I need some responsive website design around here

June 22, 2014

For reasons that involve increasing usage and lowering costs, work got an iPad Mini and I wound up as its holder (it may shock you to know that we didn't really have any tablets around before this). One of the things I've done with it is look at websites, including Wandering Thoughts. In a way this is unfortunate, because now I really want to redesign Wandering Thoughts to be responsive. What I really mean by 'responsive' here is that I want the sidebar to go away on small screen devices.

(Well, the sidebar should go down to the bottom. I don't want it to go away entirely.)

The iPad Mini is small enough that screen real estate is at a premium on websites. If you use it in vertical mode, you don't have room for anything apart from the content text; if you use it in horizontal mode, well, you sort of have room for a sidebar but not really, and anyways you'd rather read vertically because that's more text and it's is laid out in a more readable way because it's narrower (in my view). I can only imagine how much worse this is on a smaller device, like a phone. This is the sidebar issue made quite concrete for me.

The problem is that I don't know the best way to do this without completely tearing the site design apart, or if it's even achievable very easily without Javascript (and I refuse to make Javascript a required thing here). Someday CSS grid layout will make this easy, whenever it's supported by most browsers (and perhaps finalized), but that day is not today. I suspect that I can't do this at all easily in regular CSS unless I start forcing column widths, but I haven't looked recently. And I'd rather not force column widths because then I'd have to read up on design to figure out how wide readable columns are, instead of my current approach of punting on it (since browser width determines column width and in theory people can make their browsers narrower or wider).

The radical approach would be a complete redesign of the look of Wandering Thoughts that permanently demoted what is currently the sidebar down to the bottom of the page even on regular browsers with lots of screen real estate. Many blogs today have taken this simplified approach but I'm not sure I like it (and I'm not sure I like the lower visibility of some things in the sidebar, like my Twitter). Still, it would solve the problem.

Ultimately design is a hard problem and CSS's current awkwardness doesn't make it any easier. This probably means the current Wandering Thoughts layout is going to stay as is, since that approach takes the least effort even if it makes me wince a bit when I look at the site on the iPad Mini.

Comments on this page:

By Ewen McNeill at 2014-06-22 02:40:11:

At first glance I think your minimal requirements can be solved with CSS media type qualifiers, eg:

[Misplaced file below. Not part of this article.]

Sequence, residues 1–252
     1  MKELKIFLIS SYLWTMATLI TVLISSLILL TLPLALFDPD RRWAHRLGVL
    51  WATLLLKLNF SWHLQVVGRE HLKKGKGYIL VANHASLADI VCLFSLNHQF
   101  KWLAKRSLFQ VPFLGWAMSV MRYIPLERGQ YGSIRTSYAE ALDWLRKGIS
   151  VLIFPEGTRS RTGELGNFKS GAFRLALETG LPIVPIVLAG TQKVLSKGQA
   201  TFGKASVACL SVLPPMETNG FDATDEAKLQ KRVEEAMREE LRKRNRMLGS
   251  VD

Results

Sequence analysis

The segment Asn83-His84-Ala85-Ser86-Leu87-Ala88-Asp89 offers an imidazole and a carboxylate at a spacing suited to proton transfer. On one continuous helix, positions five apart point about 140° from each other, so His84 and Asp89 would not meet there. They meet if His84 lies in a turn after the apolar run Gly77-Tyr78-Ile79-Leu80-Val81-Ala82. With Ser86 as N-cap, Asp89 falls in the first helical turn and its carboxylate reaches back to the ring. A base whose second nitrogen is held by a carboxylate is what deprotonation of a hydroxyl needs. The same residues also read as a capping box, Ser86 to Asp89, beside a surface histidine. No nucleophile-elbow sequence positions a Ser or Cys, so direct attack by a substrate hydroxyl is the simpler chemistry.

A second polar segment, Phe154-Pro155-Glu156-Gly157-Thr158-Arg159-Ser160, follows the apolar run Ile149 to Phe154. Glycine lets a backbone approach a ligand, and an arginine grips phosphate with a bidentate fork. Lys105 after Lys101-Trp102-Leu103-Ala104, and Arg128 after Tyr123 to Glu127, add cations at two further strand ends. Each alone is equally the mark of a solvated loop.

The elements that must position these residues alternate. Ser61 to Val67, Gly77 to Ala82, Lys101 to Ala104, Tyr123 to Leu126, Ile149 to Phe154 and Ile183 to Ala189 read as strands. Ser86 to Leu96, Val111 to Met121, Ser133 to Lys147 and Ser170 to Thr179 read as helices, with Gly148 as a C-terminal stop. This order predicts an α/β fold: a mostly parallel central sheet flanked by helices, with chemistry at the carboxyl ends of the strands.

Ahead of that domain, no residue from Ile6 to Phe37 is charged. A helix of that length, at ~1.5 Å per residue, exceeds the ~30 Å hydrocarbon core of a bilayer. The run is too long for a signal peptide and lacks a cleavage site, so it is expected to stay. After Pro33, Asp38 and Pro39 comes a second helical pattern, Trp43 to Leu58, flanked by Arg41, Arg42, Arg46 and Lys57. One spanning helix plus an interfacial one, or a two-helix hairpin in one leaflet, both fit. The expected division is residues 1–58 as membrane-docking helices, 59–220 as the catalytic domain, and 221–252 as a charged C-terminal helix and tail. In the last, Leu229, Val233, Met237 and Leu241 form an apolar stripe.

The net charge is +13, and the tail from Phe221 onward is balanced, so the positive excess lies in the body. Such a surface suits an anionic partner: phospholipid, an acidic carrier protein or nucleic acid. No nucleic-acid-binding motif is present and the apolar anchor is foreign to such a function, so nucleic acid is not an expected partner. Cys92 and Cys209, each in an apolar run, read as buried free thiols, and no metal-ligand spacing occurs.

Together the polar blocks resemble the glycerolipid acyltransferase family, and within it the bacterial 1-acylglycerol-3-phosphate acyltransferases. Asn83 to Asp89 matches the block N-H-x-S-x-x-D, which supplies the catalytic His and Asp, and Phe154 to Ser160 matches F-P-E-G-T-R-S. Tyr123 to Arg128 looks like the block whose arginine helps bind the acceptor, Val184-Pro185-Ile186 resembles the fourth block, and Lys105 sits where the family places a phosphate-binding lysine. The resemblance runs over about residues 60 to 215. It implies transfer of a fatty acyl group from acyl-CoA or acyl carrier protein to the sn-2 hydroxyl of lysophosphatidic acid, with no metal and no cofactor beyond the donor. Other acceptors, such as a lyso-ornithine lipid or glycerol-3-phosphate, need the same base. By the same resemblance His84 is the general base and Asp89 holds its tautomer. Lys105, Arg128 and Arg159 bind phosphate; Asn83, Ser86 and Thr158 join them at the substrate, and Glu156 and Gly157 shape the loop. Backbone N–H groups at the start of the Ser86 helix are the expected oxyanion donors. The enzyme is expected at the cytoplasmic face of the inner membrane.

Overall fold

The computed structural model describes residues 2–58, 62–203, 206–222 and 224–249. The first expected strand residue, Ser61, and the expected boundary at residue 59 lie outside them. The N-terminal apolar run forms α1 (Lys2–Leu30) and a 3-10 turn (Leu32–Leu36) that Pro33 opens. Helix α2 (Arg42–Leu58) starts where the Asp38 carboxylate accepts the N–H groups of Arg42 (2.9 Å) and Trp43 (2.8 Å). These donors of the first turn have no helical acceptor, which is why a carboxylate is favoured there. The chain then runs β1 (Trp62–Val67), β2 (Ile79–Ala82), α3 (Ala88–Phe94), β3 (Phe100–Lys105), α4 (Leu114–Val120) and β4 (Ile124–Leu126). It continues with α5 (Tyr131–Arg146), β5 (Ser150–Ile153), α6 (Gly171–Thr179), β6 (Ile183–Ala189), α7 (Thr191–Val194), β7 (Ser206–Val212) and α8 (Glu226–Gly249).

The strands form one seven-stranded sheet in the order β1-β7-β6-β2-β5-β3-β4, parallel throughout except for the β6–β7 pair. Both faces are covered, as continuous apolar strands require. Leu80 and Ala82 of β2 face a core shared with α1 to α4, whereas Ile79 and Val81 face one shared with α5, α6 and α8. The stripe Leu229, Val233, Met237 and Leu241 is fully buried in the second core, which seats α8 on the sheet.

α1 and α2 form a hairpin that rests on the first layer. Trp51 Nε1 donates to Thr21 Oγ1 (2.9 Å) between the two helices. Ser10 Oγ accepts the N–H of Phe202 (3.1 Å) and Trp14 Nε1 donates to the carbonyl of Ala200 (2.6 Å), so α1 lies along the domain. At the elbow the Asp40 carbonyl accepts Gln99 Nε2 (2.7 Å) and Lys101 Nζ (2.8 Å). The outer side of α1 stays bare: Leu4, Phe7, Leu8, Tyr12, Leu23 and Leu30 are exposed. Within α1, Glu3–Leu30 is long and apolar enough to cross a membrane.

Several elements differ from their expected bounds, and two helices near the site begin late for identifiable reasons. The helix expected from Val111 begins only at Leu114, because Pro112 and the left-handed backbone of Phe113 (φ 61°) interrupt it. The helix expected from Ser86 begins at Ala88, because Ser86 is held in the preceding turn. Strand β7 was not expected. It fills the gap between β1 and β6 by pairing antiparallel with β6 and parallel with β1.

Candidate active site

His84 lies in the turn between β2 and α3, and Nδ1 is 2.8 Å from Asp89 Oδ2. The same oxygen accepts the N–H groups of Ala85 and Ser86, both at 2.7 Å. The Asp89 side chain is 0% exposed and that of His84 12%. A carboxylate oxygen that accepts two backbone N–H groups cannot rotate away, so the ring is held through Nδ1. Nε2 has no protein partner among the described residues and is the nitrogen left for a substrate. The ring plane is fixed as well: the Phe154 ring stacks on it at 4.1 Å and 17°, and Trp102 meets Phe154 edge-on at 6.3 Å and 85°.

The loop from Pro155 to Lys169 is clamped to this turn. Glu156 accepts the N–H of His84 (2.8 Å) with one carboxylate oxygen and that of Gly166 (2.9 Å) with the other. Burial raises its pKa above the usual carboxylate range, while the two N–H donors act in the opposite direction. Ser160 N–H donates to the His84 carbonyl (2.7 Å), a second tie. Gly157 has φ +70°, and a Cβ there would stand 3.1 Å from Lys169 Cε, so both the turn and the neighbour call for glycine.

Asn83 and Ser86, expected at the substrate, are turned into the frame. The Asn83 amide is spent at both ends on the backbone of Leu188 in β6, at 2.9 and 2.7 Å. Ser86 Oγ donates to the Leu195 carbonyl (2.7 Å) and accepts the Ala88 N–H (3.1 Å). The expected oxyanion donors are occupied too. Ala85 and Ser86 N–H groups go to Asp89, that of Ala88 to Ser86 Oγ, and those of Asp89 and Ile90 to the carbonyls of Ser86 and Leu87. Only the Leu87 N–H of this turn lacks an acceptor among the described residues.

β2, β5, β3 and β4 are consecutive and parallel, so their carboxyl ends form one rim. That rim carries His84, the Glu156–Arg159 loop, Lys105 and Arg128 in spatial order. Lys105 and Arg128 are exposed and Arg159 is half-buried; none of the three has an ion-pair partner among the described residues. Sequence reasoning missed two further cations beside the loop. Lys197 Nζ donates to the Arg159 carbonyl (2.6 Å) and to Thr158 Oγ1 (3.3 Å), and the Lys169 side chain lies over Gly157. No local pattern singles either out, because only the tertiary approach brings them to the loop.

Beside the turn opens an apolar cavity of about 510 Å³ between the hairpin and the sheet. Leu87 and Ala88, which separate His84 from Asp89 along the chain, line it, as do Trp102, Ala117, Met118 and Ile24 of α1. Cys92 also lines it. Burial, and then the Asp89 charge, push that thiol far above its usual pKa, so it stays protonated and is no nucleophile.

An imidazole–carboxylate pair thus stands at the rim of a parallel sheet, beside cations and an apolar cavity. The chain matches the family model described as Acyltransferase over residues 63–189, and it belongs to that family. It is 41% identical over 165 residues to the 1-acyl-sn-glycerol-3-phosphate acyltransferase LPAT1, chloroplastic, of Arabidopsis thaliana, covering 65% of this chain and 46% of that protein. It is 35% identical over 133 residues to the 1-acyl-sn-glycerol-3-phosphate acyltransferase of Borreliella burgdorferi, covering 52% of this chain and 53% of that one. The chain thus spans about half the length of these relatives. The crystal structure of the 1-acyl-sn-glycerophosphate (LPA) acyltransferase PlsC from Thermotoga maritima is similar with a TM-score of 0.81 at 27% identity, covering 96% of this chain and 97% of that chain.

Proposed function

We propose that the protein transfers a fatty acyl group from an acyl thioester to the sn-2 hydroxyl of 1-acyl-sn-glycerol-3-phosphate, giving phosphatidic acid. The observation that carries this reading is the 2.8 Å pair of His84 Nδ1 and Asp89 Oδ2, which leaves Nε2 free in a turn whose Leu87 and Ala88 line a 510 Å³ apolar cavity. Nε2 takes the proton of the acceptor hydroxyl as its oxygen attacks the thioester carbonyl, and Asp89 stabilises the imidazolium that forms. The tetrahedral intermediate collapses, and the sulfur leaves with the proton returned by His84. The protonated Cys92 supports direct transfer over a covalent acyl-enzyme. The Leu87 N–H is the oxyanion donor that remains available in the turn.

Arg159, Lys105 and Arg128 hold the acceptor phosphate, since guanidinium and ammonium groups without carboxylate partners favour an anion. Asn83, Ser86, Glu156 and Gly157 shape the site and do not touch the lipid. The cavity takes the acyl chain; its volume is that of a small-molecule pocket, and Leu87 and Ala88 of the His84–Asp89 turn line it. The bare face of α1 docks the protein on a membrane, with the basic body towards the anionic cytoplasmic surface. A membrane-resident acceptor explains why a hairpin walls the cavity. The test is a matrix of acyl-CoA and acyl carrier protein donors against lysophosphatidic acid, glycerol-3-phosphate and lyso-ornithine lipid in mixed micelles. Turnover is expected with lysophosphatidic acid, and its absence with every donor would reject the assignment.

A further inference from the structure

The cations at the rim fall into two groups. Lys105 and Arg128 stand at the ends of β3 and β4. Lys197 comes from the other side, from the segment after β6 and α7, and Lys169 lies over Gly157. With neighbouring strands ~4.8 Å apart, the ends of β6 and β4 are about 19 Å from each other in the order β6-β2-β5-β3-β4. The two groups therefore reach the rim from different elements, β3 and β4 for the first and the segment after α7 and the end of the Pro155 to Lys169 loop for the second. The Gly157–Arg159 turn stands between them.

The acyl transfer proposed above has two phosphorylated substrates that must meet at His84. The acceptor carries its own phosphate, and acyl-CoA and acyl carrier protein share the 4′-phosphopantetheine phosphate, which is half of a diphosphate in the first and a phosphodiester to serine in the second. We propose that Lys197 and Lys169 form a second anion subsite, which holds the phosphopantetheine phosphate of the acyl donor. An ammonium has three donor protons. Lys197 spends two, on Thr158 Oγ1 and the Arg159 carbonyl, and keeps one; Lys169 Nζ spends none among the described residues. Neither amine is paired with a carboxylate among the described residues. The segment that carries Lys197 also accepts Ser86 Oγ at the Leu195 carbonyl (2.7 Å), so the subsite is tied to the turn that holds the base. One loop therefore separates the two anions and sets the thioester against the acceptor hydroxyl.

@media (max-width: 600px) {
  .sidebar {
    display: none;


<link rel="stylesheet" media="(max-width: 600px)" href="small.css" />

(Trivially modified from examples on Mozilla's CSS Media Queries page)

This blog post from 2010 has a bunch of examples of what you can do with the CSS media queries. AFAICT they are CSS3, which means "modern browser", but particularly for tablet/phone devices most released in the last few years should support them. And if you design your CSS with fallback to a "basic desktop browser layout" it shouldn't matter if other visitors don't support media queries (as they'll be no worse off).


PS: double-tap to zoom item (eg, paragraph) to full screen width is a magic workaround for many many readability problems. Sadly some sites fights against that insisting that their useless sidebars must stay visible at all times :-( The iPad/iPhone browser also has "reader" button -- three horizontal lines in the sitename bar (not really a URL bar these days, as it doesn't display most of the URL :-( ) which will show just the "main text" -- available when it can auto detect what the "main text" is.

By Gabe at 2014-06-22 09:38:14:

Not a lot of suggestions from Google's PageSpeed Insights but you might want to check out their recommendations.


Maybe you can replace your layout table with a bunch of <div>s with the same effective structure, plus some display: table-cell (etc.) CSS properties to recreate the exact same layouting behaviour as you currently use? If that works, it’ll give you an option you currently do not have: to use non-table rendering for these <div>s in the non-desktop version of your layout by making them display: block and floating them (or whatever) in the mobile stylesheet.

Written on 22 June 2014.
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